Forest Planning Process
STEP FOUR: Objections
WHAT IT IS: The 2005 Forest Service planning regulations do not provide citizens an opportunity for administrative appeal of a final forest plan. Instead, citizens can file an "objection" to a plan before a final decision is made. The objection is submitted to the Forest Service officer one level above the official who will approve the plan. Usually, this will be the Regional Forester, who may instruct the Forest Supervisor to modify the plan or conduct more analysis in response to the objections. Once the forest supervisor makes a final decision, there is no way to challenge it except by going to court.
WHAT YOU CAN DO: You are eligible to object only if you submitted written comments during the planning process. Once the USFS files notice with the Federal Register, you'll have 30 days to send in pre-decisional objections. The Forest Service will send the final plan to anyone who requests a copy and will post it on that national forest's website. Your objection should describe how the final plan does not adequately respond to the issues and concerns you have raised during the planning process. You should explain the ways in which the plan violates applicable federal laws and Forest Service rules and regulations, including requirements of the 2005 planning regulations and directives. You should also indicate how you want the plan to be changed.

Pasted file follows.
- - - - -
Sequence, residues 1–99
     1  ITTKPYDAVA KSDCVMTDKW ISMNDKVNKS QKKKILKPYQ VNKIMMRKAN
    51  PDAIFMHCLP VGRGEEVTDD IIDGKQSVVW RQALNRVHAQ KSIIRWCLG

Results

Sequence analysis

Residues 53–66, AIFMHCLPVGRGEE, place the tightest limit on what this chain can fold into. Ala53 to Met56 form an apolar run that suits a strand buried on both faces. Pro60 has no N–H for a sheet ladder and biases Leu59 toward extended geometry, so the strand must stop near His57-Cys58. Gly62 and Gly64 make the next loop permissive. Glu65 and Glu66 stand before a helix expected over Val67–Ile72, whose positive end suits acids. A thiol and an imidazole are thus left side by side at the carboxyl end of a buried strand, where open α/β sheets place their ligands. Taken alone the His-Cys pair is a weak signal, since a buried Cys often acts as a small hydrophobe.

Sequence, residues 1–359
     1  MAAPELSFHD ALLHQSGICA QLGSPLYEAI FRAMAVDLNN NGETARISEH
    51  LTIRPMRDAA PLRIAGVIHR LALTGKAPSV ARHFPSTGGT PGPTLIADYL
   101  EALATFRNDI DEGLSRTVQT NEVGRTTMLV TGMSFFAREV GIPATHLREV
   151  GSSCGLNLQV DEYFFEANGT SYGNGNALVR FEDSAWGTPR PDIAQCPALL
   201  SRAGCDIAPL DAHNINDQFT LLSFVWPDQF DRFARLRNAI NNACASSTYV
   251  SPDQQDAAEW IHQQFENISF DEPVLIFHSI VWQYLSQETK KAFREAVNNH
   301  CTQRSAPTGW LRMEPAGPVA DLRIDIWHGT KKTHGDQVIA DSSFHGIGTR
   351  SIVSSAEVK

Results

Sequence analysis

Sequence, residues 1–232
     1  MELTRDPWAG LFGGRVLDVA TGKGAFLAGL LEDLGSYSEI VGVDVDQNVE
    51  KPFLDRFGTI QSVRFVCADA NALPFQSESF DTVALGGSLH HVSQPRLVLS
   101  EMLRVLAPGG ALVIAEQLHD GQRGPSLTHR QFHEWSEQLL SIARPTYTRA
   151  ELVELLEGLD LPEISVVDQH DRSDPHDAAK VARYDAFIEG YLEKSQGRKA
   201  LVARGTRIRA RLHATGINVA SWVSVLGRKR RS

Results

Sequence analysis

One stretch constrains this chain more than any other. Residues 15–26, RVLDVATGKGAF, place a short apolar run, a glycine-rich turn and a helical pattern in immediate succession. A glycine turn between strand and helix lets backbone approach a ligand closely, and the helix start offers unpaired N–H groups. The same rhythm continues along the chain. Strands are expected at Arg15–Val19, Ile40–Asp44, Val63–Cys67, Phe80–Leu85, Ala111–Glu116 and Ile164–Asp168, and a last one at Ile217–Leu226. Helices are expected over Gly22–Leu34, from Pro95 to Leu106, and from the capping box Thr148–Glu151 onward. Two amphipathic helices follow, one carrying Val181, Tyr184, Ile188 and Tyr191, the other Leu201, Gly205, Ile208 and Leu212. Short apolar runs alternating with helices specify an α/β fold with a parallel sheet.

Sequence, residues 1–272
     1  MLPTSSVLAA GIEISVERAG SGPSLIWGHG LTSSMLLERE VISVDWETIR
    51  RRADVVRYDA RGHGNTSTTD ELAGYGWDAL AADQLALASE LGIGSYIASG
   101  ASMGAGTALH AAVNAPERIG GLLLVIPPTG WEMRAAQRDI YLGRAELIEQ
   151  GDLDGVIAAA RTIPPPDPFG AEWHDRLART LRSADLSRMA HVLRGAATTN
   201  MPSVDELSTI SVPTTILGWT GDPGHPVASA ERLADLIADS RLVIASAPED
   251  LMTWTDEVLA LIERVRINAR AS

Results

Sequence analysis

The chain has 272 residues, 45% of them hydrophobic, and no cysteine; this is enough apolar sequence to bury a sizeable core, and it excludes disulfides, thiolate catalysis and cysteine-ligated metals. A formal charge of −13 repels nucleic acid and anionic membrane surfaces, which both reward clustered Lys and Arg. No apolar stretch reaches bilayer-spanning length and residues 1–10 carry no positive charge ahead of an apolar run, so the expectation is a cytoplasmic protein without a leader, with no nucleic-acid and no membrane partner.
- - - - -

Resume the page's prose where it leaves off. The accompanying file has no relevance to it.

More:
If the Forest Service is preparing an environmental assessment or EIS for a project, there will also likely be an opportunity for administrative appeal. For projects that are categorically excluded from NEPA, there will be relatively little public involvement.